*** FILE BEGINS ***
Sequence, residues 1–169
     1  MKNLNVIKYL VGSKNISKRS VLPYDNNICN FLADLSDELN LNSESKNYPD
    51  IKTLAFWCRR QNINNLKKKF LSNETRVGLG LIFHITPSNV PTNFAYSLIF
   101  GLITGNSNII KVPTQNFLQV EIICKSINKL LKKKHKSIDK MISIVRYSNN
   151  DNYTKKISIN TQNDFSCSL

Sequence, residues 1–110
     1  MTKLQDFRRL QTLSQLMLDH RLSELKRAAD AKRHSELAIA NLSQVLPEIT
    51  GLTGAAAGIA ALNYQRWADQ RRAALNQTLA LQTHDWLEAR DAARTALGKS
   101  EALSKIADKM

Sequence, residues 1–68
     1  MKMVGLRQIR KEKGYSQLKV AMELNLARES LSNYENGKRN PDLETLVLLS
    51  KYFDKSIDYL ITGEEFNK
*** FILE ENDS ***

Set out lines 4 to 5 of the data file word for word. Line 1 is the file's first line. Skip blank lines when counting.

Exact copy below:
   101  GLITGNSNII KVPTQNFLQV EIICKSINKL LKKKHKSIDK MISIVRYSNN
   151  DNYTKKISIN TQNDFSCSL